Kelvin the Frog lives at the origin, and wishes to visit his friend at \((5,5)\). However, an evil monster lives at \((2,2)\), so Kelvin cannot hop there. Another evil monster lives at \((3,3)\), so Kelvin cannot walk there either. At any point, Kelvin the Frog can only hop 1 unit up or 1 unit to the right. How many paths are there from Kelvin to his friend?
From an above problem, there are 120 paths going through (2,2). Similarly, there are 120 paths going through (3,3), so both are subtracted off from the 252 unrestricted paths. However, this subtracts some paths twice, namely the ones that go through (2,2) and (3,3), so those must be added back. There are \(\binom{2+2}{2} \cdot \binom{1+1}{1} \cdot \binom{2+2}{2}=72\) of these paths, so there are a total of \(252120120+72=84\) paths. \(_\square\)
Mr. Siddique has left Takoma Park to go to Bangladesh, and because of that, Willy has transferred to Robert Frost, which lies at \( (5,5) \). Willy still lives at the origin.
Willy again wishes to walk to school. However, Arman owns a square plot of land with vertices at \( M=(2,2), E=(2,3), A=(3,3), N=(3,2) \), and he commands Willy to never ever walk along the boundary of his land: that is, Willy cannot touch any four vertices of Arman's land or walk along any side of his square plot of land.
Now, how many ways can Willy walk to school? (Willy can only walk up and right.)
(See here for details.)
Walls
If there are walls (or missing lines) in the grid, meaning that some oneunit moves are illegal, the inclusionexclusion argument becomes a bit more complicated. For example,
Kelvin the Frog lives at the origin, and wishes to visit his friend at \((5,5)\). However, there is a wall between \((2,2)\) and \((2,3)\), through which Kelvin cannot hop. At any point, Kelvin the Frog can only hop 1 unit up or 1 unit to the right. How many paths are there from Kelvin to his friend?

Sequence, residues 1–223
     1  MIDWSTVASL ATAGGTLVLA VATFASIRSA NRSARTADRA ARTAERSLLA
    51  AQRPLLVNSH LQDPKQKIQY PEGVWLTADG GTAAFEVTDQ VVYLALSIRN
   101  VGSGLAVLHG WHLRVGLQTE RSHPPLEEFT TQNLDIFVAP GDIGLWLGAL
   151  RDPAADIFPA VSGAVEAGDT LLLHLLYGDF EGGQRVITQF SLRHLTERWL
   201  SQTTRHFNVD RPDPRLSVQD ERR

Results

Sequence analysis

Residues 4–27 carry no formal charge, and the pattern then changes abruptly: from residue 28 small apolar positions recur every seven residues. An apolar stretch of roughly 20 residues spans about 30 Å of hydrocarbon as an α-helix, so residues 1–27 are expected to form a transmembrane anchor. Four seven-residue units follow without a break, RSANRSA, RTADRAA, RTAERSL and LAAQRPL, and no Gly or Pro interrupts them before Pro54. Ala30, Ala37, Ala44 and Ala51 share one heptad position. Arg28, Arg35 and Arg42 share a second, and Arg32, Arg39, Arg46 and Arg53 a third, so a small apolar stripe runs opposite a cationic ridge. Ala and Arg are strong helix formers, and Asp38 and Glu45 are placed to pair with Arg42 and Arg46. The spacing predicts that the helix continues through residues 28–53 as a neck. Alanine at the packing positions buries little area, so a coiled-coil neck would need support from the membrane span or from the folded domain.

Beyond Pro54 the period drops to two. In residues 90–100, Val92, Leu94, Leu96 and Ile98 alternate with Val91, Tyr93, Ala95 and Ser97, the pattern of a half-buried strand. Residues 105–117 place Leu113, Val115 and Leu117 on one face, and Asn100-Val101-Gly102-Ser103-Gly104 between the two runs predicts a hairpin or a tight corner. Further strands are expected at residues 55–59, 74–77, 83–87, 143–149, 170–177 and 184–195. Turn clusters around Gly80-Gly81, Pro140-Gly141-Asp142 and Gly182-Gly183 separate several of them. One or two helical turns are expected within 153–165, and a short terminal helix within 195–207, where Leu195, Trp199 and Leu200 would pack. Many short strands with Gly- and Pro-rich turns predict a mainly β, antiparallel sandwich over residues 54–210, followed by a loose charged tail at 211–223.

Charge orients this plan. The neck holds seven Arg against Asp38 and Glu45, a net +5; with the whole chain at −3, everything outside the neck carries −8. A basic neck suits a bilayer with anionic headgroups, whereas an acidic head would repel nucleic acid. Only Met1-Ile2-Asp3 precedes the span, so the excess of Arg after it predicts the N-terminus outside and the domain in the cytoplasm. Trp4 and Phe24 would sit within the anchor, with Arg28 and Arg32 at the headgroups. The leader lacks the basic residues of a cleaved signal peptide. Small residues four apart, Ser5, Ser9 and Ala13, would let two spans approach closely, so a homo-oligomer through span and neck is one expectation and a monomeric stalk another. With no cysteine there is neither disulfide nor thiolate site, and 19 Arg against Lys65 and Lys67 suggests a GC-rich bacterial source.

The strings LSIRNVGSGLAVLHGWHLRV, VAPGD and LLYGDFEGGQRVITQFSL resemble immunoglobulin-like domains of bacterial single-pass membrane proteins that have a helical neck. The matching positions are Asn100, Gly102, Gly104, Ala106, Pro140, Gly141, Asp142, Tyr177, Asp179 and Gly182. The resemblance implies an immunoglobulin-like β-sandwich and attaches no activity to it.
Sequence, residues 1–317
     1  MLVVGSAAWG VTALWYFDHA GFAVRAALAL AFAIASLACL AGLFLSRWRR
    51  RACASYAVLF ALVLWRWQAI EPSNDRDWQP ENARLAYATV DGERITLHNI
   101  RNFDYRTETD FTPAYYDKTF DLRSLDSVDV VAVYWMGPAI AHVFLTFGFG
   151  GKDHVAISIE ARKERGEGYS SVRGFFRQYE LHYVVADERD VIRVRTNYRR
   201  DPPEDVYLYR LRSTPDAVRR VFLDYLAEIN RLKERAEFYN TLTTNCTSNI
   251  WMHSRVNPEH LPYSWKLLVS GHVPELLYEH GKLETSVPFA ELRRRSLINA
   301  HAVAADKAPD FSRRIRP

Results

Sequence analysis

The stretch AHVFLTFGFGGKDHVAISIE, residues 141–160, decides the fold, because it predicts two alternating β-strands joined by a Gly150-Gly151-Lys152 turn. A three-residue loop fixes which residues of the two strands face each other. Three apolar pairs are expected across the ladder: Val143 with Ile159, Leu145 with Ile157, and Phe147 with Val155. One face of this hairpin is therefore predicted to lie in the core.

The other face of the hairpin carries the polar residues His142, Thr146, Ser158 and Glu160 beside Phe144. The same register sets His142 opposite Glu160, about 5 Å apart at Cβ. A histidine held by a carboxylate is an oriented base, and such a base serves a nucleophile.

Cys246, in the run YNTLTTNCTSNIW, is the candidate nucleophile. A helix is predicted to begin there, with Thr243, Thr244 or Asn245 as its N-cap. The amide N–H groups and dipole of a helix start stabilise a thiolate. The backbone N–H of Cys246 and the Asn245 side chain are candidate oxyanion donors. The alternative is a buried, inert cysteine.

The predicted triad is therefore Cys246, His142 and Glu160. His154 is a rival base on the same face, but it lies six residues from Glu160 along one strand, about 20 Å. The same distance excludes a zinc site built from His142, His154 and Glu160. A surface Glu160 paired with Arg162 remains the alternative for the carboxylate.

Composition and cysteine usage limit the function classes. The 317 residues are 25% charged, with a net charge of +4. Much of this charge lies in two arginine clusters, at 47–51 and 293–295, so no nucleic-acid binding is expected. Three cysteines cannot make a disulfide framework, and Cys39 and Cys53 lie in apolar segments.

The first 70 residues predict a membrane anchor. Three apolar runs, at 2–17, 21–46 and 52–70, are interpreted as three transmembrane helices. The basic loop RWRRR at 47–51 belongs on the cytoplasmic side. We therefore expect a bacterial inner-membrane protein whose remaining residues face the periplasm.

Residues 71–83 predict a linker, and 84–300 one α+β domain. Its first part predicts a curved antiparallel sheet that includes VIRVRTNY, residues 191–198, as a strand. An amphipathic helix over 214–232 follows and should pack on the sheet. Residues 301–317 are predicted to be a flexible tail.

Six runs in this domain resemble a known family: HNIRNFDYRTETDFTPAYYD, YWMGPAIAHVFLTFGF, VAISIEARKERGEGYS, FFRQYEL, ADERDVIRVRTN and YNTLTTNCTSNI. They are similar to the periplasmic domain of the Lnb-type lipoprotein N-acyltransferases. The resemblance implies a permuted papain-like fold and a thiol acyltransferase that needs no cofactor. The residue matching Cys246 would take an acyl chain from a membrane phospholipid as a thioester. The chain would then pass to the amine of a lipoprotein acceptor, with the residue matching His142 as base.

For a path to go from \((2,2)\) to \((2,3)\), it must travel from the origin to \((2,2)\), move right, then travel to \((5,5)\). There are \(\binom{2+2}{2} \cdot \binom{3+2}{3} = 6 \cdot 10 = 60\) such paths, so there are \(25260=192\) paths that avoid the wall. \(_\square\)
There are exactly \(\binom{a+b}{a} \cdot \binom{(m+n)(a+b+1)}{nb}\) paths that travel from \((0,\,0)\) to \((m,\,n)\) while using the path between \((a,\,b)\) and \((a+1,\,b)\). Therefore, there are exactly \(\binom{m+n}{n}  \binom{a+b}{a} \cdot \binom{(m+n)(a+b+1)}{nb}\) paths that travel from \((0,\,0)\) to \((m,\,n)\) while avoiding a wall between \((a,\,b)\) and \((a+1,\,b).\)
Any path that goes through the wall must at some point (immediately before crossing the wall) reach \((a,\,b)\). There are \(\binom{a+b}{a}\) ways to get from \((0,\,0)\) to \((a,\,b)\). From that point, there is one way to get to \((a+1,\,b)\), and that requires going over the wall. From \((a+1,\,b)\), there are \(\binom{m + n  a  b  1}{m  a  1} = \binom{m + n  a  b  1}{n  b}\) paths to \((m,\,n)\). Since the wall must be avoided, there are \(\boxed{\binom{m+n}{n}  \binom{a+b}{a} \cdot \binom{(m+n)(a+b+1)}{nb}}\) possible paths.
From the formula in the above theorem, a similar approach may be taken for problems with multiple walls. In particular, if \(S = \{W_1, \, W_2, \, \dots, \, W_k\}\) is a set of walls and \(\text{Path}_2(T)\) is the number of ways from \((0,\,0)\) to \((m,\,n)\) while going through the walls in \(T\), then